We need your help now

Support from readers like you keeps The Journal open.

You are visiting us because we have something you value. Independent, unbiased news that tells the truth. Advertising revenue goes some way to support our mission, but this year it has not been enough.

If you've seen value in our reporting, please contribute what you can, so we can continue to produce accurate and meaningful journalism. For everyone who needs it.

A Ukrainian family waiting for a train to Warsaw at Przemysl train station. Alamy Stock Photo

‘I have to go back’: Polish city remains a major hub for Ukrainians fleeing war (and going home)

Volunteers from all over the world are helping the city to handle the crisis.

Céimin Burke reports from the Poland-Ukraine border

A STONE’S THROW from Poland’s border with Ukraine, the city of Przemyśl immediately became a major hub for refugees fleeing Russia’s war when the invasion was launched in late February.

Within days the population of the city spiked from 60,000 up to 100,000 and several large buildings – including the train station, a theatre and a disused Tesco superstore – became temporary homes for thousands of people.

Nearly two months later officials in the local government say the city is now relatively calm. Yet people leaving (and returning to) Ukraine still stream through the train station throughout the day.  

Coming and going

Natalia and her son Symon previously passed through Przemyśl in early March during a three day journey to stay with her cousin near Dresden, Germany. 

Seven weeks later Natalia says it is time to return. “I’m from Kyiv. I have to go back,” she explains. “We have to try to have a normal life and to help Ukraine.”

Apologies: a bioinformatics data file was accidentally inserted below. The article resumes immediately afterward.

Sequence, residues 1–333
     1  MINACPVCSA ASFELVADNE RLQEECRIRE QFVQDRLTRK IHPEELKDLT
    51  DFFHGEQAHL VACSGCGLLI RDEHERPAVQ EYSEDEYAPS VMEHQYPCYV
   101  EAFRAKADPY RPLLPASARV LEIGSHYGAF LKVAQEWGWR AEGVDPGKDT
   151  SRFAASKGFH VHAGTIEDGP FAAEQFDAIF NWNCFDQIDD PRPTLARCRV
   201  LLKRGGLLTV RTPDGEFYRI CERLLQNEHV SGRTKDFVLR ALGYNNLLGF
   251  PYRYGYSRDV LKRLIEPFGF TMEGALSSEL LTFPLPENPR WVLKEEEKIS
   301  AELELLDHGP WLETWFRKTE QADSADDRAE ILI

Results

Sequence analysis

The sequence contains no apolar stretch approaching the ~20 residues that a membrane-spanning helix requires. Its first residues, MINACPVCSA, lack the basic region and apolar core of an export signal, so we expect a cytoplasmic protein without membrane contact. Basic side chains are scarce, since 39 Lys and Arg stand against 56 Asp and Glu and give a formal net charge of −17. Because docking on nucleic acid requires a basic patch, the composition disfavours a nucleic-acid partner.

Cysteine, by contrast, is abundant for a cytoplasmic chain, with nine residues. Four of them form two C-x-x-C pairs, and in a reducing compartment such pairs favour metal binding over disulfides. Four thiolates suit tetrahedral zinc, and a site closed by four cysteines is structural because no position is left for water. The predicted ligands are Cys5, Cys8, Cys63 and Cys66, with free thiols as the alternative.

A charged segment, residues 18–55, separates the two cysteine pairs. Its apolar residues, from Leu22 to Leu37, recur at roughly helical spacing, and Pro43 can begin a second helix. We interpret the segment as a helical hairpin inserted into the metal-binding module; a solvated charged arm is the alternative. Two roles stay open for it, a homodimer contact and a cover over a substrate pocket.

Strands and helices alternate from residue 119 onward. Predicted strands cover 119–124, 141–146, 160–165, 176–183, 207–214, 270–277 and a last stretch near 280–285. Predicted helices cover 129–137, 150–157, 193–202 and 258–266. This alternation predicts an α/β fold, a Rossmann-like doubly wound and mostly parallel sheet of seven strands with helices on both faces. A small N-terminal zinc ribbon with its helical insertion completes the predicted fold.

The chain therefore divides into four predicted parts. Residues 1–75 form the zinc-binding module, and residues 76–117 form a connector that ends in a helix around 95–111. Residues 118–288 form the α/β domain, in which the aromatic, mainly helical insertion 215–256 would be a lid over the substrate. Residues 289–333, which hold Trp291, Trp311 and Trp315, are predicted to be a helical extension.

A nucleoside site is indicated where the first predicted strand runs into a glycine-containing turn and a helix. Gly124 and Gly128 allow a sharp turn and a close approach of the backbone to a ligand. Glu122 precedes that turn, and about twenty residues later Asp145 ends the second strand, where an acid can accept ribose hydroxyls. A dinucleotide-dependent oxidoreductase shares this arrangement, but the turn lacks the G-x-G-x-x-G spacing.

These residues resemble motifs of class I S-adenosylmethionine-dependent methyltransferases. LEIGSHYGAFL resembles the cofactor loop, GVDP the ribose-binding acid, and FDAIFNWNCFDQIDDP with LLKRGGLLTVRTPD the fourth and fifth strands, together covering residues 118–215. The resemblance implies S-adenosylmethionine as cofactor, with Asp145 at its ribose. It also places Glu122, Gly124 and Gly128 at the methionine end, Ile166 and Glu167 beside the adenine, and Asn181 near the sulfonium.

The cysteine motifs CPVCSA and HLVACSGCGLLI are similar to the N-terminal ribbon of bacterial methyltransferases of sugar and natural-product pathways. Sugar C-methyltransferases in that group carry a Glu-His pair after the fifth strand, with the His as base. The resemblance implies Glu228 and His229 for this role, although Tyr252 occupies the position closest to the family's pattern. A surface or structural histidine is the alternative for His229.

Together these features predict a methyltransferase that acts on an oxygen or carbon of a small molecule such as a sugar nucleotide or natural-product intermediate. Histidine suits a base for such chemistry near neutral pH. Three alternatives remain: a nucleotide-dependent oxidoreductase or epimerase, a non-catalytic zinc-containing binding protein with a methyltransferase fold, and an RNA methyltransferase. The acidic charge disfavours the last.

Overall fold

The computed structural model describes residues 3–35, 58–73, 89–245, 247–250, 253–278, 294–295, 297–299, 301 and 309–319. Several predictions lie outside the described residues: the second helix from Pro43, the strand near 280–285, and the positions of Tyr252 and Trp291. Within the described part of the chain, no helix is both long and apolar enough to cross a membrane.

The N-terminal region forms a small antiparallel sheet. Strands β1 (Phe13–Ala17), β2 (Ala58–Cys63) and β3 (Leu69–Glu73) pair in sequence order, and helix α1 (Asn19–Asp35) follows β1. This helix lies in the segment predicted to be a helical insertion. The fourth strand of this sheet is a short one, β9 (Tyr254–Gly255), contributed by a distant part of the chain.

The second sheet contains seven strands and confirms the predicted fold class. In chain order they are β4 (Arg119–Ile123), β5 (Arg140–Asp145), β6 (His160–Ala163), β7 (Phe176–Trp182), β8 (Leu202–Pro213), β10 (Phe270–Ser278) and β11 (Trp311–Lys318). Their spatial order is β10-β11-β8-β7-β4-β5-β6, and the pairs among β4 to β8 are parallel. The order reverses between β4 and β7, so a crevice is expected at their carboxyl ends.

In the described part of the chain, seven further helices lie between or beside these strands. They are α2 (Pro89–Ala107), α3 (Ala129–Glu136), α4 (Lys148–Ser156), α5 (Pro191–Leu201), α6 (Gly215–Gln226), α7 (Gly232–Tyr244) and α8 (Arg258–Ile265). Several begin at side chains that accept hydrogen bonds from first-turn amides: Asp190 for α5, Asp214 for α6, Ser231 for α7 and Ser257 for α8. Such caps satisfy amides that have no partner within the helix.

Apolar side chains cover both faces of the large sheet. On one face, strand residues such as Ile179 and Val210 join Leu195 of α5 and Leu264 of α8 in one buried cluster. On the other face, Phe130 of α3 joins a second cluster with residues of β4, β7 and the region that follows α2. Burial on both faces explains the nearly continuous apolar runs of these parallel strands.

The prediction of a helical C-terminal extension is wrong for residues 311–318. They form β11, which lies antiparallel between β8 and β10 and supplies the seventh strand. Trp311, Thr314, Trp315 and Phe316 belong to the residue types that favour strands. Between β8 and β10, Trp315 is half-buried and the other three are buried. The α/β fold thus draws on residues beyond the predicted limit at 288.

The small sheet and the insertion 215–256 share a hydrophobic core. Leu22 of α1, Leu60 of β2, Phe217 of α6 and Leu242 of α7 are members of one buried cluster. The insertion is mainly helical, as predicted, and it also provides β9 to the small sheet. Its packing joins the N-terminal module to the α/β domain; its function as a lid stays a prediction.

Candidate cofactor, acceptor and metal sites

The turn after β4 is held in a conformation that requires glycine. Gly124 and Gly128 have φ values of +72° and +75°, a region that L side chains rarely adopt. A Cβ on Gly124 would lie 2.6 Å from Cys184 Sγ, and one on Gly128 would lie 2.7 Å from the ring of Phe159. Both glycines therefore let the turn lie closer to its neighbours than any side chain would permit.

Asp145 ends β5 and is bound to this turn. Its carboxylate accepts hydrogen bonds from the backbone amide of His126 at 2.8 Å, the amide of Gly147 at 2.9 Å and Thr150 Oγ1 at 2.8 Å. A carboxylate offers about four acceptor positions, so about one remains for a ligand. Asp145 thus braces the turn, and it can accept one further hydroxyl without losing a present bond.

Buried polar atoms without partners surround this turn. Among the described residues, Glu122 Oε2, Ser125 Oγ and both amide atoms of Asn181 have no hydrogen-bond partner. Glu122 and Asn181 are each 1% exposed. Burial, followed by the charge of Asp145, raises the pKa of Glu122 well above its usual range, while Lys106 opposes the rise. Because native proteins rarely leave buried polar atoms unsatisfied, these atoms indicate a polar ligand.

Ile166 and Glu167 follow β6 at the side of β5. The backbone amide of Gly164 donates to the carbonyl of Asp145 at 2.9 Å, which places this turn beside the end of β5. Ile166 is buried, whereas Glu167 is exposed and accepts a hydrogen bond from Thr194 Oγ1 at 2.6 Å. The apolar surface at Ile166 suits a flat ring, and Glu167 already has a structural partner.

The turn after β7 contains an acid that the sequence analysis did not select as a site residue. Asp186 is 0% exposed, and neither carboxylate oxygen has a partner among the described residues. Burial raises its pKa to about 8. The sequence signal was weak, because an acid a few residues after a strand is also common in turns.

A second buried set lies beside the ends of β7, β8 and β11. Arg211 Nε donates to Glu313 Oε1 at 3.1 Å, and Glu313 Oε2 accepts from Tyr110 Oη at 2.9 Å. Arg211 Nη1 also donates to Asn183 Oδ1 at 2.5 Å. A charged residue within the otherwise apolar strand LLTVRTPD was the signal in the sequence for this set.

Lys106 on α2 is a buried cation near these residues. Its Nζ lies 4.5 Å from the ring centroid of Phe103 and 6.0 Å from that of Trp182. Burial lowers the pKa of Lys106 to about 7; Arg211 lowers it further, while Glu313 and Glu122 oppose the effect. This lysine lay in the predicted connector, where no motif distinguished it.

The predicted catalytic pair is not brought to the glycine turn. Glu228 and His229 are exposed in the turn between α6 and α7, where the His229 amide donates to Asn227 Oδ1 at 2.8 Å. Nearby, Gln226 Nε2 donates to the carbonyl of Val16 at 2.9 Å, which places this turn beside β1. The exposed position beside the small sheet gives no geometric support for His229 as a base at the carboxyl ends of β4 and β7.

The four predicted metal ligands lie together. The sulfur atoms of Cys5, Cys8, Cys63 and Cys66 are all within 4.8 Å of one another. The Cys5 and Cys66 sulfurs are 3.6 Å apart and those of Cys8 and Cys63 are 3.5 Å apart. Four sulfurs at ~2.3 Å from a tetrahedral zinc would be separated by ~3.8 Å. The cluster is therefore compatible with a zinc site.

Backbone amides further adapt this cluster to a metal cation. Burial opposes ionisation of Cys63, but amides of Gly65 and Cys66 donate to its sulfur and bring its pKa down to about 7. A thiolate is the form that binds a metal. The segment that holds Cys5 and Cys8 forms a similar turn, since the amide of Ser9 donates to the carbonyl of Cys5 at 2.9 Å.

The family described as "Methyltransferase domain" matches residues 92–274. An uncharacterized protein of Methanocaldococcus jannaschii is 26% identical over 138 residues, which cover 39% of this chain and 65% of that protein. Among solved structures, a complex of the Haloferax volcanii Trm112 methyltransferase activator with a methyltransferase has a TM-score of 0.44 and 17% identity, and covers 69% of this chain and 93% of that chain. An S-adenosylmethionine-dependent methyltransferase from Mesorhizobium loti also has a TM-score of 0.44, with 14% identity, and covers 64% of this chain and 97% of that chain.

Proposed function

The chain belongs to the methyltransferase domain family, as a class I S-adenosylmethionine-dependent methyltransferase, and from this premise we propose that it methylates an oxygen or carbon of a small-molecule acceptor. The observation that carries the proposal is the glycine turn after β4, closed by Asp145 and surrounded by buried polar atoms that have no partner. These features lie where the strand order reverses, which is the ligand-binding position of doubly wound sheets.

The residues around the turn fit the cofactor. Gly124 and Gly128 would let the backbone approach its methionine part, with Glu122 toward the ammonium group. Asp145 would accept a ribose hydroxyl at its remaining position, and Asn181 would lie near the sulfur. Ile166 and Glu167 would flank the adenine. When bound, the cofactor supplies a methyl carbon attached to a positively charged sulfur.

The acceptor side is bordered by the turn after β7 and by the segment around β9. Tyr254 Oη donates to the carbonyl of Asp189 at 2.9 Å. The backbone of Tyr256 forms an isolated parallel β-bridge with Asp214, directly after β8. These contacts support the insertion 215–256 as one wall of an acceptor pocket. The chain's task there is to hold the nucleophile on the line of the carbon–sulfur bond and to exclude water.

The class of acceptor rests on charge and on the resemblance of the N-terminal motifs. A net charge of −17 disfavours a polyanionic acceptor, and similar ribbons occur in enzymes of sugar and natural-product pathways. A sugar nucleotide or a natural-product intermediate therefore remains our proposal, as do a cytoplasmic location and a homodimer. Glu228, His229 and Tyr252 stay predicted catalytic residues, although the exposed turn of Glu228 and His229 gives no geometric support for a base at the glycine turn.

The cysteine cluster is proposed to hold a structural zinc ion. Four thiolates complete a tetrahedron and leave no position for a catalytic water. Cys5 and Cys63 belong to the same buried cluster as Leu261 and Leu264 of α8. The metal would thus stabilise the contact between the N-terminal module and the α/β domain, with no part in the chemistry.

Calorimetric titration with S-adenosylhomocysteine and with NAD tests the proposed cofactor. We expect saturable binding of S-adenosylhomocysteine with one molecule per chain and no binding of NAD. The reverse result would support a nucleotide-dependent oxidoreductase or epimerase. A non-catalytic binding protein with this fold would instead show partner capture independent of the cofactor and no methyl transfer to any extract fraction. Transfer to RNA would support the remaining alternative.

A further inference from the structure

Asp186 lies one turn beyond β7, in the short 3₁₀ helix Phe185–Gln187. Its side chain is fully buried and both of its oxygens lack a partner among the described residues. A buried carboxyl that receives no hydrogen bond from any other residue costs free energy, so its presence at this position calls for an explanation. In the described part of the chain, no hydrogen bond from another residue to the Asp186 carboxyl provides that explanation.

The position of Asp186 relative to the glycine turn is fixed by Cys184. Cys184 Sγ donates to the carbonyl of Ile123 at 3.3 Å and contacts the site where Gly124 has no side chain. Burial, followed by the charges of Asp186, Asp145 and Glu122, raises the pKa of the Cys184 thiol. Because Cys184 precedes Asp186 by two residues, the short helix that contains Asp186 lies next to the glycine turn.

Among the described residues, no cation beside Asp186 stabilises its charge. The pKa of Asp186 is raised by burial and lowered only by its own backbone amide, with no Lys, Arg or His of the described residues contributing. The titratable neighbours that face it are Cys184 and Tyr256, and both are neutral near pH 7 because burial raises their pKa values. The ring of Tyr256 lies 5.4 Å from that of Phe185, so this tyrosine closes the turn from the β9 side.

Symon appears to be taking things in his stride, enjoying a mini-easter egg handed out by one of the volunteers and playing with a miniature helicopter.

Travelling in the opposite direction is Tanya and her dog Fedir. Tanya’s from a town close to Odesa and she’s going to stay with a friend in Katowice, Poland, before potentially moving to Berlin.

“I have no job now. I worked with an accountant company. I’m only young and I won’t be able to stay soon if I don’t get money.”

The station goes through periodic rushes of activity when trains pull in or when buses arrive from the nearby humanitarian centre – which is still housed in the giant Tesco. 

But outside of this the charming 19th century building can be almost serenely calm.

Volunteers hand out food, toiletries and sim cards. People waiting for trains talk and check for news from home. A nun kicks a football with two boys. An emergency responder wears a clown nose and makes kids laugh. A unicorn calls in for a visit.

przemysl-poland-17th-apr-2022-a-woman-shows-her-daughter-to-make-a-peace-sign-at-the-przemysl-poland-train-station-on-easter-sunday-near-the-border-of-ukraine-after-a-pink-unicorn-gives-her-can Volunteer Jennifer Grueninger entertaining children in Przemysl station. Alamy Stock Photo Alamy Stock Photo

Change of pace

Calm is also how Przemyśl Deputy Mayor Bogusław Świeży describes it. He says the city’s operation has shifted because fewer refugees are arriving than earlier phases of the war.

In late February and early March around 80,000 refugees arrived into the region every day; that figure has now dropped to 20,000.